- Bounce Rate: that can be a vanity metric. Sometimes people get really focused on optimizing their site to lower their bounce rate but you shouldn’t necessarily focus on that because some of the people who are bouncing off your site… you want them to bounce. Because they don’t want to buy your products and services anyway. Just a definition in case you’re not familiar: bounce rate is when someone shows up on your web page and then immediately hits the back button. Most of the time, that’s thought of as bad. Sometimes it might be good. If they show up on your website and they say to themselves: “Wow, I don’t have enough money for this product.” Probably for you, you’re saying: “Good, I don’t want to talk to you then,” right?
- Social media reach: you hear people talk about “we have 10,000 followers,” “500,000 followers,” “we have 4,000 facebook likes.” Those can be helpful metrics to know, but you don’t build a business out of that. You don’t sell products that way. The engagement is much more important than the total reach of your social media.
- Grades and scores: there’s some websites out there where you can plug in your url and you can get a grade or a score. I talked to a business one time and they said: “Our website’s great, we got a score of 95.” And I said: “What are you talking about?” And they said: “Well, we went to this thing and we plugged in our website and it said were 95 out of 100.” I said “Okay, how many leads did you get last year?” they said “Oh, we’re not tracking that so we don’t know.” So don’t focus on things like grades. A 95 rated website that gets no leads-that’s not a good website.
Metrics that do matter. These are all very similar:
Right? That’s really what websites are for. The purpose of a website is for you to put your best face, or to put your best image forward. So that people who are thinking about hiring you whatever it is, whether it’s buying your products or consulting, whatever it is. They are impressed and they say “Yes, I want to hire you.” And when that happens, then you win! Right? That’s the ultimate goal. And you’ll never know that, unless you’re tracking that. So those are website metrics that are important.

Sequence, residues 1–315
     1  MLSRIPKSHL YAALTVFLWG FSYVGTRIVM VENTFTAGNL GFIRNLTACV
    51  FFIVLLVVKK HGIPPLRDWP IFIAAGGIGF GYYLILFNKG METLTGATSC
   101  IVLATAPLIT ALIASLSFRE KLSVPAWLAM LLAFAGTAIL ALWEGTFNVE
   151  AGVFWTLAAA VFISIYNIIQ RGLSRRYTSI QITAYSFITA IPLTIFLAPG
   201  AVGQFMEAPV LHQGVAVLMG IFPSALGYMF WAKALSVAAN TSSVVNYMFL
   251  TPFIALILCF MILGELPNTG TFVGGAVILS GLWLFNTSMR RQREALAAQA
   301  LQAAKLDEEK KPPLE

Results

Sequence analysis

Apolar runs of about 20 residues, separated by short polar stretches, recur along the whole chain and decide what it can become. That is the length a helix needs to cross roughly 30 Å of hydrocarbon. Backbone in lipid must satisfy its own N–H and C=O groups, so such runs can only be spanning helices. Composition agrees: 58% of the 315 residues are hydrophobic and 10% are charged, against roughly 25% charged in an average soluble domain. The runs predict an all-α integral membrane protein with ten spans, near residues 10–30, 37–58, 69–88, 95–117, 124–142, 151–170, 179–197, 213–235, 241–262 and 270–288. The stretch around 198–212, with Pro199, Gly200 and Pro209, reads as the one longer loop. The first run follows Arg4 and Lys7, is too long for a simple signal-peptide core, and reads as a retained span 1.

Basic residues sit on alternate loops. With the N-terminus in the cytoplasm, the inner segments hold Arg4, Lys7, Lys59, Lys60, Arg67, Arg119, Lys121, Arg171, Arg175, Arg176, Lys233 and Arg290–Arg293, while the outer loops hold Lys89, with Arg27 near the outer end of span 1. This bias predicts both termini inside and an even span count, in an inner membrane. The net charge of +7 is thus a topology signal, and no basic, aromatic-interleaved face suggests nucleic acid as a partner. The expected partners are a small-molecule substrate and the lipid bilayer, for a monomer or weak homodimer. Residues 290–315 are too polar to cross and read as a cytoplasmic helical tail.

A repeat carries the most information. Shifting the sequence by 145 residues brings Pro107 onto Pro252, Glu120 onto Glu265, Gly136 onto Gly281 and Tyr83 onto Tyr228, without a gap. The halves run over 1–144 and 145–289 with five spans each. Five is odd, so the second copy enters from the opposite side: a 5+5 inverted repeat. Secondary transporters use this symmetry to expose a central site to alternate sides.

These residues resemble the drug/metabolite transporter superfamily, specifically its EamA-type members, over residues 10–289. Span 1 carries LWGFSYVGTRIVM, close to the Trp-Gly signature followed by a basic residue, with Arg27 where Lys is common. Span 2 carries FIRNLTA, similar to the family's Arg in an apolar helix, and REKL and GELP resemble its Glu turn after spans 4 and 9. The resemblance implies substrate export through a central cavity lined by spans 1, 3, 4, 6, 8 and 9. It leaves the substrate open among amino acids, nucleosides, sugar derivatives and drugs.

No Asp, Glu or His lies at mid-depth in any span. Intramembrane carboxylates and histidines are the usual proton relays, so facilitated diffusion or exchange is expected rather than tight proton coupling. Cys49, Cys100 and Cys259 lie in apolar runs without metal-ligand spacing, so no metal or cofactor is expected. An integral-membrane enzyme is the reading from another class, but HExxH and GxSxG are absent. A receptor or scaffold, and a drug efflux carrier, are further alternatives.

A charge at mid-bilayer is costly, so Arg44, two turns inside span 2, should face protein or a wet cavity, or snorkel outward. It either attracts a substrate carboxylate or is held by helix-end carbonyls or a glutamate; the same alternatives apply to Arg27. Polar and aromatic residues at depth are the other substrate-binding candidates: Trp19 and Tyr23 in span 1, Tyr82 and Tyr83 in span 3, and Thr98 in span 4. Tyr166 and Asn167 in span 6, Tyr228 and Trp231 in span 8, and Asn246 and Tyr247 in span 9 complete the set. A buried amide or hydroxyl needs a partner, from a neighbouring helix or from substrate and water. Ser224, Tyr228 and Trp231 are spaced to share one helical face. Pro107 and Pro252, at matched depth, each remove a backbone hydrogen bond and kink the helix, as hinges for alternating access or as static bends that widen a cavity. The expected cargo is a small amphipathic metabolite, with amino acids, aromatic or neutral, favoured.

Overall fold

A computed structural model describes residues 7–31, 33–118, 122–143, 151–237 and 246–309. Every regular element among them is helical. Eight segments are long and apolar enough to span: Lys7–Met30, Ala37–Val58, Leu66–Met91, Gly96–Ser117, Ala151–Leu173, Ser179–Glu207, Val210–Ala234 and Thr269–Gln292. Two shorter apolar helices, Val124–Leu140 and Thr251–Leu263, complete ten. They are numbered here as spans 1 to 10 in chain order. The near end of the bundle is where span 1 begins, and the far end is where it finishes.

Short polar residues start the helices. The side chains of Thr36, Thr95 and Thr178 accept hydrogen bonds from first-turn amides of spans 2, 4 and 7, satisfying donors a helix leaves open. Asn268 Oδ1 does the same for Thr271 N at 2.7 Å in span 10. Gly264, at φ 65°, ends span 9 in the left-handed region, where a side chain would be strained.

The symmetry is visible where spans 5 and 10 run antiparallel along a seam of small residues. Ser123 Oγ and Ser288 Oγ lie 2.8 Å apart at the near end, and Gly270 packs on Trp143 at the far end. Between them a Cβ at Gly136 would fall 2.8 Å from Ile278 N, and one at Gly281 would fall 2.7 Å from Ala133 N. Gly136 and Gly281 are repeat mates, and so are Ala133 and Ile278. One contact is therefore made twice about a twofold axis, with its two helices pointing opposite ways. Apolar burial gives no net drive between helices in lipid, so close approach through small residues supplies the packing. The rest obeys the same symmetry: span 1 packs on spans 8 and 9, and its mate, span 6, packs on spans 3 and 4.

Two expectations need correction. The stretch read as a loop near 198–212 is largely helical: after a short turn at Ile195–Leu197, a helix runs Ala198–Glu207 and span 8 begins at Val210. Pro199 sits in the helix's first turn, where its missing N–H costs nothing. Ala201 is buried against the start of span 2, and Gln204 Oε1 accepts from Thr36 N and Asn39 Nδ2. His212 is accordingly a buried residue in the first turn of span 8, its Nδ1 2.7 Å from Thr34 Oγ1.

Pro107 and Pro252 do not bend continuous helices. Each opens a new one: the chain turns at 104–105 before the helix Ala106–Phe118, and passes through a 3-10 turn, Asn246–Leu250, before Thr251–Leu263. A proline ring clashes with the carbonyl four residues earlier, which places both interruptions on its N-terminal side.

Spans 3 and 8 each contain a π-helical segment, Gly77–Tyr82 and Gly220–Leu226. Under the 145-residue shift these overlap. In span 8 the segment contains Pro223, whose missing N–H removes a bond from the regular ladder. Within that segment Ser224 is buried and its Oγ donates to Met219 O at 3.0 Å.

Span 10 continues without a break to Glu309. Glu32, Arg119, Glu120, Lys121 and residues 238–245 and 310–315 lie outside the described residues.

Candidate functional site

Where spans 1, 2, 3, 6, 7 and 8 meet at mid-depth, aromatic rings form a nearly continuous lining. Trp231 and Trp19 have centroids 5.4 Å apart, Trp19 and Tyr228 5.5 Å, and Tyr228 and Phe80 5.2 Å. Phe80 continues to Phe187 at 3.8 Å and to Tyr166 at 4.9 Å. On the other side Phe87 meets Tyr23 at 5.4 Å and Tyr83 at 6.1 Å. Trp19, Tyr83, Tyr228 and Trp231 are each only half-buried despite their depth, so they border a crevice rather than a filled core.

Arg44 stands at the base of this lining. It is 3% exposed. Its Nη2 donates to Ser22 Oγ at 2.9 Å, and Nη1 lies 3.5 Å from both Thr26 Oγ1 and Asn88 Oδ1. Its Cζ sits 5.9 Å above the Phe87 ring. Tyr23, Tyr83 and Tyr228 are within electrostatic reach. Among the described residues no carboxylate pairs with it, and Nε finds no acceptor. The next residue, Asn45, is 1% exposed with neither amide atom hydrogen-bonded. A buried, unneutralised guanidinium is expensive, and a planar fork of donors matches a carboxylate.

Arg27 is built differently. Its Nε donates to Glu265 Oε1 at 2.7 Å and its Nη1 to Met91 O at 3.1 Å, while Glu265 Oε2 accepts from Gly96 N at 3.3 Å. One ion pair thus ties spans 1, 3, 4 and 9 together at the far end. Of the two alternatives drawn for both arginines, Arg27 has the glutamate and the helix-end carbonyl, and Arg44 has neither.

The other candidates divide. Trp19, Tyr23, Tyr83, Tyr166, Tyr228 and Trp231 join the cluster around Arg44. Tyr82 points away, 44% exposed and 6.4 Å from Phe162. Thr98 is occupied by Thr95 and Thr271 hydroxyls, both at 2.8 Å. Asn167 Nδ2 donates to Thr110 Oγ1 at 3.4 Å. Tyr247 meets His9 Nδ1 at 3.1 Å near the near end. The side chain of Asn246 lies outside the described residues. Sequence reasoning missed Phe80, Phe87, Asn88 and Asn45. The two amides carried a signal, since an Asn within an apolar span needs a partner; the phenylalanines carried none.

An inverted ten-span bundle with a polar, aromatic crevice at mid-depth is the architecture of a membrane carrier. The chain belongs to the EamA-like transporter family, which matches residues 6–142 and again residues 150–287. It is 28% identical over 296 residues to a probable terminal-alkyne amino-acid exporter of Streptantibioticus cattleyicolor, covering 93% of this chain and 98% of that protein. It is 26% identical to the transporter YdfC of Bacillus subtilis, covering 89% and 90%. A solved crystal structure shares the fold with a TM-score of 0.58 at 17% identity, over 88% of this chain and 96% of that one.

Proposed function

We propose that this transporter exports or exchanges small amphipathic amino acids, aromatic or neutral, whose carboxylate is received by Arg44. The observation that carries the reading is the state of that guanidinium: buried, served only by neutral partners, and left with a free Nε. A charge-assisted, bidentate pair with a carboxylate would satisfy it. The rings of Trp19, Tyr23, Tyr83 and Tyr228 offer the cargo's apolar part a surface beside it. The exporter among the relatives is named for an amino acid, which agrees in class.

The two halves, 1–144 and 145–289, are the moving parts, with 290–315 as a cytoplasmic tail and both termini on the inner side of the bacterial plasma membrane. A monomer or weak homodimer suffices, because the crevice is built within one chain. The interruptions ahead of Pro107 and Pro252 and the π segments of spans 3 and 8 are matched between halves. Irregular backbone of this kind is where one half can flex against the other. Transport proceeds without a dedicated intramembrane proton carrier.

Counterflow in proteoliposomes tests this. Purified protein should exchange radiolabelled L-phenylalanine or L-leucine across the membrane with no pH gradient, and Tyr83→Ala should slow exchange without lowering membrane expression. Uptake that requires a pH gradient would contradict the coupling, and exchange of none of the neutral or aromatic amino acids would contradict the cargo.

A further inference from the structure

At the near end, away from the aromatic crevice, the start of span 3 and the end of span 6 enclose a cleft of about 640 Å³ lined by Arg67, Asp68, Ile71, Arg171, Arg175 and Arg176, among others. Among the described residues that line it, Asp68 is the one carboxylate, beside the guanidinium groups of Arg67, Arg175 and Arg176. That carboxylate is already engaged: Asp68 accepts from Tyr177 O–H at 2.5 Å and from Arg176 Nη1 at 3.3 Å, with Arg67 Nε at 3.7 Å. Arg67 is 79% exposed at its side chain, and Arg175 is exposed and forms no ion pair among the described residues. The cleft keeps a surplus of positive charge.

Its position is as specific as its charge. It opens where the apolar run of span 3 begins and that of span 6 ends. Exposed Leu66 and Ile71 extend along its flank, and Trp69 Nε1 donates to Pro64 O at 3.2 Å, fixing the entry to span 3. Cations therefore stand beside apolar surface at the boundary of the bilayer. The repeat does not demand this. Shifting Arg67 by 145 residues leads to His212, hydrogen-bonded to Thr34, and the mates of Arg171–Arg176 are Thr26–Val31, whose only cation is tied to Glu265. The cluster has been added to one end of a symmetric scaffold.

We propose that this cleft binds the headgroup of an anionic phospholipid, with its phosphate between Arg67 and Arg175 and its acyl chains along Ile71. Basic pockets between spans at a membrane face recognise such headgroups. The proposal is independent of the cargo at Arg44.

So conversely, a website that doesn’t suck:
- Accomplishes your business goals: what are your business goals? For every business it’s different. Maybe its expanding into new markets, maybe its going international. Maybe it’s selling a different product line. Whatever the business goals are, you gotta start with the business goals and then form your website around what your goals are. And believe it or not, most people don’t know what their business goals are. And if you get a committee around a table, they’ll disagree. So you gotta hash that out first, then focus on the website.
- A website that doesn’t suck brings in revenue. Again, ultimately, that’s what its all about.
- A website that doesn’t suck is helpful to potential customers and is usable by visitors. So again, if your website is fabulous and wonderful, but I can’t see it? It sucks. And that’s just the cold, hard truth.
Great example of how more traffic doesn’t equal more sales necessarily, I don’t know if you can see the bottom there but I got a phone call from a lady who was nearly crying. And it was really sad, she said: “I think I’m gonna have to close down my business because I’m not making enough money to survive.” And I said “OK, well share your analytics with me and lets see whats going on.” She said: “Well, I’m not getting enough traffic” and I looked at her analytics reports and then I made this chart based on that and you can see in 2010 traffic was relatively flat, and then in 2011 (the green) traffic had a significant jump and then it had a significant jump again in 2012. So I said: “What’s the problem?” and she said: “Well, sales have been decreasing every year since 2009” and I said: “You don’t have a traffic problem, you have a website problem”: a fundamental issue where people are showing up, but they’re not buying your stuff. In her case, it was [because] she had an incredibly old e-commerce platform with thousands and thousands of products in it and she didn’t want to spend the money to upgrade it. And I told her, that’s probably what you’re gonna have to do cause it looks so old that it’s not trustworthy. I don’t feel good putting my credit card into the form on this website. So again, its not about traffic ;er se, it’s about revenue… sales… leads. Things that actually speak.